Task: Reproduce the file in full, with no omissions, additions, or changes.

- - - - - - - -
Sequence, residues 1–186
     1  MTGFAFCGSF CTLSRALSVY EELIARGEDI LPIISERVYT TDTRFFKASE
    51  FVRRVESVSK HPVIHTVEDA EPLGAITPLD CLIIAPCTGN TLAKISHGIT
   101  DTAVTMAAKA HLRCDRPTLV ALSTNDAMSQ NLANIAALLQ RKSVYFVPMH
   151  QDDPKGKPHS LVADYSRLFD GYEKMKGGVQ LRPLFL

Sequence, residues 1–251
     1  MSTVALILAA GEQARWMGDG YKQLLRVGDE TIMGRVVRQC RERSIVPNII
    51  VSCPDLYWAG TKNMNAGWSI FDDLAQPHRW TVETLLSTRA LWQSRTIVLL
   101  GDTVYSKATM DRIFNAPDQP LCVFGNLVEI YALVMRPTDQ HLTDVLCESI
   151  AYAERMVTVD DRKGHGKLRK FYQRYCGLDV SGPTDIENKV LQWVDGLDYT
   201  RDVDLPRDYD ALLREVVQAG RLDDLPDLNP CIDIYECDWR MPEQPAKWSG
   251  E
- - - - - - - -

Sequence, residues 1–186
     1  MTGFAFCGSF CTLSRALSVY EELIARGEDI LPIISERVYT TDTRFFKASE
    51  FVRRVESVSK HPVIHTVEDA EPLGAITPLD CLIIAPCTGN TLAKISHGIT
   101  DTAVTMAAKA HLRCDRPTLV ALSTNDAMSQ NLANIAALLQ RKSVYFVPMH
   151  QDDPKGKPHS LVADYSRLFD GYEKMKGGVQ LRPLFL

Sequence, residues 1–251
     1  MSTVALILAA GEQARWMGDG YKQLLRVGDE TIMGRVVRQC RERSIVPNII
    51  VSCPDLYWAG TKNMNAGWSI FDDLAQPHRW TVETLLSTRA LWQSRTIVLL
   101  GDTVYSKATM DRIFNAPDQP LCVFGNLVEI YALVMRPTDQ HLTDVLCESI
   151  AYAERMVTVD DRKGHGKLRK FYQRYCGLDV SGPTDIENKV LQWVDGLDYT
   201  RDVDLPRDYD ALLREVVQAG RLDDLPDLNP CIDIYECDWR MPEQPAKWSG
   251  E